"FOOD PRODUCERS are much more efficient than they were 30 years ago. There simply isnât as much surplus food as there used to be," said Andrew Schiff, CEO of the Rhode Island Community Food Bank.
COURTESY R.I. COMMUNITY FOOD BANK
By Rebecca Keister PBN Staff Writer
Andrew Schiff has been CEO of the Rhode Island Community Food Bank for five years, which is celebrating its 30th year in service.
Over the last four years, the demand for emergency food assistance in the state, according to the organization, has grown by 58 percent and more than 60,000 now rely on the food bankâs network of emergency services to meet their basic nutritional needs. One in three people served this way is a child younger than 18 years old.
PBN: Congratulations, Andrew, on your organizationâs 30th anniversary. You celebrated with a luncheon on May 9 featuring celebrity chef and motivational speaker Jeff Henderson. Do you feel his story â turning his life around after serving time for drugs â resonated with your audience?
SCHIFF: Chef Jeff knew hunger first hand as a child, and his compassion for children facing poverty reminded us of why we work so hard to ensure that no Rhode Islander ever goes hungry. [His] message connected what we do in helping people feed their families with the bigger hope â a hope we all share â that ultimately, people can lift themselves up out of poverty so they donât have to face hunger.
PBN: There is much to celebrate in maintaining success for three decades of ever-changing economic times. What are your largest challenges going forward?
SCHIFF: The need for food assistance persists at a record high level, and yet the food donations are down, particularly from the food industry, both nationally and locally. It's not that these businesses aren't generous â they are extremely generous, in fact. The fact is, food producers are much more efficient than they were 30 years ago. There simply isnât as much surplus food as there used to be. So we have to find a way to bring in more food, beyond the donations weâre receiving.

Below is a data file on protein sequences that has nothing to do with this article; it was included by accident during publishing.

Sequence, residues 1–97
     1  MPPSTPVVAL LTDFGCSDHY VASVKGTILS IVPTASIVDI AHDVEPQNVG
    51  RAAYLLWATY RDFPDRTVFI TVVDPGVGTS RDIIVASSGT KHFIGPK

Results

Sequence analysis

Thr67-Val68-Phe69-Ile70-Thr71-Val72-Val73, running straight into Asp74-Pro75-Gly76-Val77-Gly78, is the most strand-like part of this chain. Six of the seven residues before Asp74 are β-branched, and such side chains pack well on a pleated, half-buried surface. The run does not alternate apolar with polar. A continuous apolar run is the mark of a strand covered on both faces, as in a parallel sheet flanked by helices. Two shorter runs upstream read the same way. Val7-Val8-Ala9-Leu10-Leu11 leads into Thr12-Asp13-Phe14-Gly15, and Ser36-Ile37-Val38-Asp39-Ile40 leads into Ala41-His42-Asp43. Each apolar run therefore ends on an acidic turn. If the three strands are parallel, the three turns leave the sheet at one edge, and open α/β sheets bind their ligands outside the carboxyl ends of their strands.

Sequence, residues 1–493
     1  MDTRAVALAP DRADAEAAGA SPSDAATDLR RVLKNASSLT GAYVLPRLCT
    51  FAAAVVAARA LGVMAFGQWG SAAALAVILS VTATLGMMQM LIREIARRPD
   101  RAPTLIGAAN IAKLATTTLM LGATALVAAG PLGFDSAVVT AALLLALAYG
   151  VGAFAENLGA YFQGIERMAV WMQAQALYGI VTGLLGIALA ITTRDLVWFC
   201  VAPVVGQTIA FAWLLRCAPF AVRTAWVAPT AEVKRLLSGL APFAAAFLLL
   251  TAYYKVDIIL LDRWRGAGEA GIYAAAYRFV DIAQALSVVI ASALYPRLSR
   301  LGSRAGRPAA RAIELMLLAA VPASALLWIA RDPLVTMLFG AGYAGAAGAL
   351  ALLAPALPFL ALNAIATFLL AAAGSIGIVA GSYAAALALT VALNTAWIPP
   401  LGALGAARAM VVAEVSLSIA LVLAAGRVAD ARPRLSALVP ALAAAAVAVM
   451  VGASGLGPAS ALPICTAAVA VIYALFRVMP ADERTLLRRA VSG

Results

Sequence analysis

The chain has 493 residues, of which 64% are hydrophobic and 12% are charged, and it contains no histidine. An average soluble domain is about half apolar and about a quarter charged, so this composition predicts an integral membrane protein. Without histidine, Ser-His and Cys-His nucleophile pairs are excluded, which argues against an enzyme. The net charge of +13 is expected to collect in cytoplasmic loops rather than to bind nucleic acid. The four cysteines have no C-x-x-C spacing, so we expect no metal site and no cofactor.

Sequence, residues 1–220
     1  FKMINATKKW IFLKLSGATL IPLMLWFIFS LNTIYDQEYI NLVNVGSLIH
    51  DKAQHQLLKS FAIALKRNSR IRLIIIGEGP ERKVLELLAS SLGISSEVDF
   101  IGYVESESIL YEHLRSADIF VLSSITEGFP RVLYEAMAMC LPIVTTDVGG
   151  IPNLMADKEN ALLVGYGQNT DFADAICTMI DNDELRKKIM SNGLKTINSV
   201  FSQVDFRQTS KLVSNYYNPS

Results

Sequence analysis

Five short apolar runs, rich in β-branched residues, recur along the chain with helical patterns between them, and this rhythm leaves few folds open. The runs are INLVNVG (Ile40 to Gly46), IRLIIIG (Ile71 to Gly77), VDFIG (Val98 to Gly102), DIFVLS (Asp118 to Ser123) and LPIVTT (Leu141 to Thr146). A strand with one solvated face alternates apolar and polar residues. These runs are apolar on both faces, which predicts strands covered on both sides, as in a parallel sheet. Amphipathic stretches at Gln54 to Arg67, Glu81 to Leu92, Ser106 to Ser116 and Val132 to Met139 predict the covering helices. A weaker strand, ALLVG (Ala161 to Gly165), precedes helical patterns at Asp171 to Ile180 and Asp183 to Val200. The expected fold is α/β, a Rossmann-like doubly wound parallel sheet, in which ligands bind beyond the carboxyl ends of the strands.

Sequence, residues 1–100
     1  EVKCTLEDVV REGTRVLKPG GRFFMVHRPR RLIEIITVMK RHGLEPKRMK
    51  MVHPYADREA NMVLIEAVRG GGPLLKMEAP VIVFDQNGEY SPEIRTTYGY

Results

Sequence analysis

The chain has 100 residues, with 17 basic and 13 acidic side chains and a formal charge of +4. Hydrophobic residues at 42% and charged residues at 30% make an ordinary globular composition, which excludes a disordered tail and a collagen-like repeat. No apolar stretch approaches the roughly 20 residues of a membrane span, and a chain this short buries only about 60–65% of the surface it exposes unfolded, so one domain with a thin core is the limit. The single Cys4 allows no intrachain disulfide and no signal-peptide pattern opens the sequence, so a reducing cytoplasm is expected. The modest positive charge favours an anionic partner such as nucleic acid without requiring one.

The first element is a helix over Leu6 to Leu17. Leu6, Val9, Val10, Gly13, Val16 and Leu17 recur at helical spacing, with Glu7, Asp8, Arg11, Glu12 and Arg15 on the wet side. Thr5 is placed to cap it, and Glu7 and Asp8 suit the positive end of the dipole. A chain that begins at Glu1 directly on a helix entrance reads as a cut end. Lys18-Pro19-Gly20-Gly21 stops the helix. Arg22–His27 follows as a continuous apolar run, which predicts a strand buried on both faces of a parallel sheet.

PBN: Tell us a little bit about planned fundraisers and events coming for the rest of 2012?
SCHIFF: On May 12, the Letter Carriers Food Drive collected 115,000 pounds [of donated food], exceeding last yearâs total. Weâre also going to have a summer Food Drive to encourage the food industry folks, individuals and organizations to donate food and funds. Summer is a time of high demand because kids are out of school, missing out on school meals, and yet donations often drop. We have to remember that hunger is a daily problem that faces people 365 days a year. We canât forget about it during the summer.
PBN: What is the most rewarding part of your job?
SCHIFF: It's tremendously inspiring to see the dedication of people across the state who have devoted their lives to helping others. We have more than 180 member agencies in every corner of this state that simply couldn't operate without staff and volunteers who are extremely passionate about their work. I'm particularly moved by people who once relied on emergency food programs and are now volunteering and giving back to help others who are struggling to make ends meet.
PBN: Whatâs one thing every Rhode Islander do with little effort to help combat hunger?
SCHIFF: Think of yourself as a person who can make a difference. So often, we have good intentions and really intend to send in a donation or bring food to a food drive, but we get busy and assume someone else will do it. Thousands of Rhode Island families are depending on all of us to do our part, however large or small. If youâre not sure how to help, go to rifoodbank.org. Look at the programs we have and the many ways you can get involved. Every can donated and every dollar donated makes a difference.